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Recreational marijuana should be legal and available…

… in some of the other towns within Massachustts.

A bunch of towns that, in 2016, voted in favor of legalizing recreational marijuana statewide (results) have then held town meetings where, by a 2/3rds majority, more or less the same people voted to ban marijuana-related business in their particular town. At a recent town meeting, Lincoln became the latest in the roster of towns that support legalized marijuana (or did as of 2016), but think that other towns in Massachusetts are better-suited to hosting marijuana-related businesses.

Effectively, then, a lot of people voted for expansion of marijuana-related enterprise who won’t be directly affected by the law. Should there be a rule that if a town votes for something statewide it can’t then ban it locally? Or if it wants to reserve the right to ban something locally then it can’t vote on the statewide question?

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The modernity of the Bolshevik Revolution

One interesting aspect of Understanding Russia: A Cultural History (course by Lynne Ann Hartnett, a professor at Villanova) is how modern and familiar the ideas of the Bolsheviks are. After the October Revolution, for example, Prof. Hartnett talks about women gaining the rights to on-demand abortion and on-demand divorce (what today is called “unilateral” or “no-fault” divorce). The rate of abortion quickly grew to exceed the rate of live births. The divorce rate in the Soviet Union became the highest in Europe. Unlike in the U.S., no-fault divorce did not come with the need to hire a lawyer and litigate in a courtroom (see Real World Divorce). The wife could go to City Hall, fill out a form, and her now-ex-husband would be informed of the divorce via mail (“postcard divorce”). [Unlike in the U.S., though, there was no possibility of an alimony revenue stream following a no-fault divorce; women in the early Soviet system were considered capable of working to support themselves and if they wanted extra spending power from a man’s income they had to get it through a voluntary arrangement.]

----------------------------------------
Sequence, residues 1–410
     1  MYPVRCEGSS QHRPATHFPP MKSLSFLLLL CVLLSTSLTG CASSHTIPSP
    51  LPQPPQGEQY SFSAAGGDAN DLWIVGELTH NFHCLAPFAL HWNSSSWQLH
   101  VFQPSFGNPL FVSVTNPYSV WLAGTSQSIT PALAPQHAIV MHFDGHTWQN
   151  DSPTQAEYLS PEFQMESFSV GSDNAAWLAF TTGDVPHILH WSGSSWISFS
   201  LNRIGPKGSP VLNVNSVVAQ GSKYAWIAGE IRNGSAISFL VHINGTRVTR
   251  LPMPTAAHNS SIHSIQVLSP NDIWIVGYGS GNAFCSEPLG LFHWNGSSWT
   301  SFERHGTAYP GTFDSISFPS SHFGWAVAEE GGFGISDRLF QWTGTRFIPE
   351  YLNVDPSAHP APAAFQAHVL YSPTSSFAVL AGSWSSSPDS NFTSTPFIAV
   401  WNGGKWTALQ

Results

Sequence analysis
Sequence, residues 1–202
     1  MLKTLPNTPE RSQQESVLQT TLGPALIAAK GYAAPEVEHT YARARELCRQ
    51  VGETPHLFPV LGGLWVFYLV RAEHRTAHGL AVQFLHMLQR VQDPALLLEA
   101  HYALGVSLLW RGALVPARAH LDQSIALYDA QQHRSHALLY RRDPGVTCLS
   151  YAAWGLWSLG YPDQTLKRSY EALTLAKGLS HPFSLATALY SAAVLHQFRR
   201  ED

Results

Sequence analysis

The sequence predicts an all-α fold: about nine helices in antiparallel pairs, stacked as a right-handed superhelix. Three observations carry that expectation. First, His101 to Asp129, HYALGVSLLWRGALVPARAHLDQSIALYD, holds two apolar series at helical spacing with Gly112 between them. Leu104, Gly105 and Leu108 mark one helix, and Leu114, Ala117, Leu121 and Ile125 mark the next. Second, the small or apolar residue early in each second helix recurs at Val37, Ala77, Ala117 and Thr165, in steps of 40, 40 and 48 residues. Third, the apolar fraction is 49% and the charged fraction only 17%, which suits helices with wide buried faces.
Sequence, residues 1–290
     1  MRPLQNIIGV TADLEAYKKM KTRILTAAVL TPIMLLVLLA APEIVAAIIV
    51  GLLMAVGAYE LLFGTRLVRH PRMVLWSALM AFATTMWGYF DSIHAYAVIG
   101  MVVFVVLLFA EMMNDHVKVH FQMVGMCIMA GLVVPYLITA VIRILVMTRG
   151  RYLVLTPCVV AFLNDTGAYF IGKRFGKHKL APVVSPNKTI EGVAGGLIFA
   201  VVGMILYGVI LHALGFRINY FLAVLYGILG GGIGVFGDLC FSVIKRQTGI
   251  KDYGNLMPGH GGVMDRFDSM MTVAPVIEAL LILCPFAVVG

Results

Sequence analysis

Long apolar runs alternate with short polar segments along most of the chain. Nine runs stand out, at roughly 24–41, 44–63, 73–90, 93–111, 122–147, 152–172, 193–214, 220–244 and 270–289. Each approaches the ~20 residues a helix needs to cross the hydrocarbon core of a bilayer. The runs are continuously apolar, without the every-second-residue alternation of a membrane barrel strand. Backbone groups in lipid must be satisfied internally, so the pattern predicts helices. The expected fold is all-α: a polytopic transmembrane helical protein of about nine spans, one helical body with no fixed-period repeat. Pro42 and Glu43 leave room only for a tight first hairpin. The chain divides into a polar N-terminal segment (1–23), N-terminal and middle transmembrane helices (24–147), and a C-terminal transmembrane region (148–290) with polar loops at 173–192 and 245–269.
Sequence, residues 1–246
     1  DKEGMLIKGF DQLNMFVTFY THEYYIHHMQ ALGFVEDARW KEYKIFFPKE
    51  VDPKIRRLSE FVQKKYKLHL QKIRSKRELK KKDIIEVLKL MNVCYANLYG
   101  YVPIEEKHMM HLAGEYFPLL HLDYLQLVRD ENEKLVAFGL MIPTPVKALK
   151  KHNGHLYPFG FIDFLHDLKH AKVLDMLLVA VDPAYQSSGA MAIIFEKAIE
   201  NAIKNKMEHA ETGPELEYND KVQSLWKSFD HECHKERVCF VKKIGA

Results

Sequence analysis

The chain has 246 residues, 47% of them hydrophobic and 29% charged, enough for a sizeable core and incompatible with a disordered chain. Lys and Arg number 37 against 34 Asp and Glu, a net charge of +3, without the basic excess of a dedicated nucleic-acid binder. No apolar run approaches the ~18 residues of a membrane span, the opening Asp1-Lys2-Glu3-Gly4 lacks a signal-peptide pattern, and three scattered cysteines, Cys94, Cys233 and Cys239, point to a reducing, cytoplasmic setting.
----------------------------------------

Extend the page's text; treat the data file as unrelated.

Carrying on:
The professor also cites paid maternity leave and state-run day care as early Soviet programs.

Radical thinkers today like to talk about reconceiving state-run education as a lifelong process rather than merely K-12. The Soviets were there 100 years ago! Prof. Hartnett talks about how lifelong education was an explicit goal and the Soviets quickly organized programs for both peasants and factory workers.

I wonder what percent of the positions taken by a modern American politician might have been anticipated 100 years ago by the Bolsheviks. It would be an interesting exercise to line up what our current leaders say and promise to what the Bolsheviks were saying and promising.

Separately, the lecture series adds a data point to how present-day academics think about capitalism and the market. Prof. Hartnett does not seem to be a fan of Marxism-Leninism due to its reliance on violence to keep the population in line. However, when talking about pre-revolutionary Russia, with its 7 percent annual economic growth (like China today), she describes factory workers as “underpaid.” There does not seem to be any evidence of collusion among employers and state intervention in the economy was minimal compared to modern welfare states. Thus, it seems likely that the workers were earning a market wage. Due to the ample supply of labor this might have resulted in “low paid” workers, but to the modern American academic “low paid” seems necessarily to imply “underpaid” (unfairly low wage).